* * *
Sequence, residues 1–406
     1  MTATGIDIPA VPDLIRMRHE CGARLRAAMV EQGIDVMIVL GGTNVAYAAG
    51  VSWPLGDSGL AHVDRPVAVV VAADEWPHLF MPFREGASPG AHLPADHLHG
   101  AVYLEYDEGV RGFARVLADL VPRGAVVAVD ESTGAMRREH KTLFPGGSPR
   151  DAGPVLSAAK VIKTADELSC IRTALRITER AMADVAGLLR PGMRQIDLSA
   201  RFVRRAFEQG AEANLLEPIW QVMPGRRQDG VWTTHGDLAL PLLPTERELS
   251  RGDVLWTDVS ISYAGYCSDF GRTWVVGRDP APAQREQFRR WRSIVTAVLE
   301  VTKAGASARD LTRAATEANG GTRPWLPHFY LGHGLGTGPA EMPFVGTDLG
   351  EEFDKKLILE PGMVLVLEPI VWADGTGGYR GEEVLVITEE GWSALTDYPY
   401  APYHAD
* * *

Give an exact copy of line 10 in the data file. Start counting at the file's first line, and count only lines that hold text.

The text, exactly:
   401  APYHAD